On 4 October 1968, a young soldier died on the India-China border while serving in the Indian Army. But he hasn’t abandoned his post just yet. The youngest recruit of 23rd Punjab regiment, Harbhajan Singh died at the tender age of 22. But he is still safeguarding his country at the border of Nathu La.
No ghost story turns into a belief without inexplicable events which firms the conviction. Every soldier posted on Nathu La has his own version of the story of Harbhajan’s afterlife. A tale which horses around the corridors of Army barracks even after 50 years of his death. Sightings of his spirit, haunting experience among the soldiers and the mysterious muddying of Harbhajan’s army boots have led everyone to believe in his presence as a ghost soldier. Over the decades, the legend built up around his name has become a morale-boosting tool for the soldiers facing isolation in the unfriendly terrain of the Himalayas.
The Beginning of a Legend
Harbhajan Singh was posted in East Sikkim near the hostile border of India & China. On a fateful October evening, Harbhajan lost his balance and drowned in the river while collecting water for his regiment. The Army authorized a search for Harbhajan, but he wasn’t found. After searching for three days, Harbhajan allegedly appeared in the dreams of his fellow soldiers telling them where to look. The next day, the soldiers found his body and rifle exactly at the same place which was told by Harbhajan in their dream. He was cremated, his ashes scattered in the Ganges at Uttarakhand and a small shrine was built for him where his body was discovered. Soon, rumour began to take wing among those stationed in the region that Harbhajan’s spirit still patrols the border and woke up sleeping soldiers with a slap.
The Dutiful Ghost Soldier
Harbhajan was posted in Sikkim at the China border. After Harbhajan’s death, the Chinese reported seeing a figure in Indian Army uniform riding a white horse on their territory. The Chinese army wrote a letter to the Indian officers asking “Who is this person doing the horse riding every night?”
Later, it is said, the Indian officer had a dream in which Harbhajan told him ‘I’m not going to harm the Chinese however if they want to catch me they can try.’ Needless to say, they never caught him. But this incident forged the initial hearsay of his ghost among Indian troops.
As the belief in his presence grew strong among the soldiers posted there, Harbhajan was given a seat at flag meetings between the two countries. It is also said that in the event of a planned invasion by the Chinese, the ghost soldier would write a warning to Indian military commanders. This transformed the ghost into a deity for those soldiers posted to the border with China. The army, it is claimed, rewarded him for his work by sending him on annual leave, building him his own barracks and paying him a salary. In later years, he was also granted promotions.
From “Bhoot” to “Baba”
Harbhajan was known as “Baba” among his collogues because he was very religious. A temple complex called Baba Mandir was constructed by the army. The mandir started off as a small monument. In 1982, it was moved to its current and more accessible location near Nathu La Pass.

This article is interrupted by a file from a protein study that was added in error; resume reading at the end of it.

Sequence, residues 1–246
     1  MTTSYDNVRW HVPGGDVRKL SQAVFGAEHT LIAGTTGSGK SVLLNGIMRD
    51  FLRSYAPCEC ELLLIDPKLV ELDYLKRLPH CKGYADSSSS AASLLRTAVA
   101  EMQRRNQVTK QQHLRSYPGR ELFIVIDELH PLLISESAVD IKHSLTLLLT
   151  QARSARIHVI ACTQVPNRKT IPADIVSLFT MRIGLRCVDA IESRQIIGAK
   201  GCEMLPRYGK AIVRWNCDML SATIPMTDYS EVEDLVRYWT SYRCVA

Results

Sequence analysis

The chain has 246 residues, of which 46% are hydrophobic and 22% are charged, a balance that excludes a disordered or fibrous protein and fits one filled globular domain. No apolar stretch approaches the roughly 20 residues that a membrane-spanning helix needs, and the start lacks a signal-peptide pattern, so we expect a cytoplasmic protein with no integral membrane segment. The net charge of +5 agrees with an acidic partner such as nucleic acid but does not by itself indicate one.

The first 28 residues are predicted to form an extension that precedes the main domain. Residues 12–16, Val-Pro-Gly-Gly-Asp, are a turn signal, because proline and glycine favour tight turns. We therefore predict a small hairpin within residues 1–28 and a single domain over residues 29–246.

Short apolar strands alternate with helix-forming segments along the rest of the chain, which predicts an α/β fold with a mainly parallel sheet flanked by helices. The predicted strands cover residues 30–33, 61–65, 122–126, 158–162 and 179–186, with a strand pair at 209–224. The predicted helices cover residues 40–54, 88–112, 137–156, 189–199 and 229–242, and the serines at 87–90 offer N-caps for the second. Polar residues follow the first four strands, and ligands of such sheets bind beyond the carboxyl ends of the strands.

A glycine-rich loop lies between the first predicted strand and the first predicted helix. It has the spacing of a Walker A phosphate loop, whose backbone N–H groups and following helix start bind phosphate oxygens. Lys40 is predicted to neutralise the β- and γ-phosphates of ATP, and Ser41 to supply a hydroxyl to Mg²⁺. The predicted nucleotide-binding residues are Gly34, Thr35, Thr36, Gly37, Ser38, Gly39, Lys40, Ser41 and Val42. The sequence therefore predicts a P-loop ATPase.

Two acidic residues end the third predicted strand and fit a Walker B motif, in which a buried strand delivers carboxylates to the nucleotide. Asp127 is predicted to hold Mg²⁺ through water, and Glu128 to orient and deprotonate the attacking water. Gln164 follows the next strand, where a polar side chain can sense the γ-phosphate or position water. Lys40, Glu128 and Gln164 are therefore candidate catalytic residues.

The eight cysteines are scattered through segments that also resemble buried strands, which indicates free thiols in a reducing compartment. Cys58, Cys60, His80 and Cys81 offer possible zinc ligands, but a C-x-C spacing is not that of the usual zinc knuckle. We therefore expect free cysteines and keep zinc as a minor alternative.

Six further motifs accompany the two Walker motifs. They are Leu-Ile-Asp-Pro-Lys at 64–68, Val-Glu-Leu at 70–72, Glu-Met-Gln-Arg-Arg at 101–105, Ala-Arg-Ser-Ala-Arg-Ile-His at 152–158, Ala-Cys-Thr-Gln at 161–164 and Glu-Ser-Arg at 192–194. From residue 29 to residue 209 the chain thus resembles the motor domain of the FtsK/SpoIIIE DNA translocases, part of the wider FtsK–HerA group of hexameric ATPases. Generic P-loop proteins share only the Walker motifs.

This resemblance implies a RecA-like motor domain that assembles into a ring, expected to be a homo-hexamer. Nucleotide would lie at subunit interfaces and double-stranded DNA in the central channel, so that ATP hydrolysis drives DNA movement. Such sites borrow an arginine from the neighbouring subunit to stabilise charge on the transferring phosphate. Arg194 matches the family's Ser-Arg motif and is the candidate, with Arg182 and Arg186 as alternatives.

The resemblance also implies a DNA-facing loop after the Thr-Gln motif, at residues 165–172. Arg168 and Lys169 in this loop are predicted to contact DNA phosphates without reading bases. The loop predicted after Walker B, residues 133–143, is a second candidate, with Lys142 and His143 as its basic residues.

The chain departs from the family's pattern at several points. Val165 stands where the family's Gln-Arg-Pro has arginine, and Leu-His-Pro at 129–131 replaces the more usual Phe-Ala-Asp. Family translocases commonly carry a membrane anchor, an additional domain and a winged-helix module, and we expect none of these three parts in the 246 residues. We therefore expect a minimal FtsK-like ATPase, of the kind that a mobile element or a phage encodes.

There is a belief that water kept at Baba Harbhajan Shrine and later consumed by the ailing person cures him. Therefore, devotees place bottles of water in the name of the ailing person and later take it away. This blessed water has to be consumed over a period of 21 days and no member of the family is supposed to consume any non-vegetarian food during this period.
Even today, Baba Harbhajan has his barracks, housing his bedroom, study, and shrine. A member of the army is also posted there to look after Baba Harbhajan. The dead soldier’s laundry is also taken care of. The sheets on his bed get crumpled when no one is near them. His boots are polished each day by his army attendant. Legend has it that they become dirty overnight – proof for devotees that the Baba has been out on patrol.
Till his retirement (at the age of 60 – as per official records) the army sanctioned him two months off each year. A jeep with a placard of his name and his portrait, uniform, and belongings used to go down from his mandir, stopping along the way to receive donations from local villagers. A seat was reserved for him on the Lohit Express to Jalandhar Cantt in Punjab, his home. During his absence, the post was always on extra alert.
A Pilgrimage for Tourists
Situated at a stone-throw away distance from Gangtok, Baba Harbhajan temple is now a famous tourist pilgrimage. The travel agencies in Gangtok advertise a day trip to Tsongo Lake, Nathu La and Baba Harbhajan temple costing Rs 1500-2000 per person.
There is very little evidence of Baba Harbhajan or his legend on display otherwise. But ask the locals and most of them have heard of or are curious about him. It’s not just soldiers who believe, it’s everyone in general. Locals believe Baba have a way of warning about bad things which are about to happen. If you ask me, I don’t believe in such stories or in ghosts, in general. But I think people need these things to stay sane in a place like this. And belief can do wonders.
Click here for a D.I.Y Itinerary of Sikkim (with all the information that you need)
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(Cover Picture by Indranil Kar – Ongoz Escapades)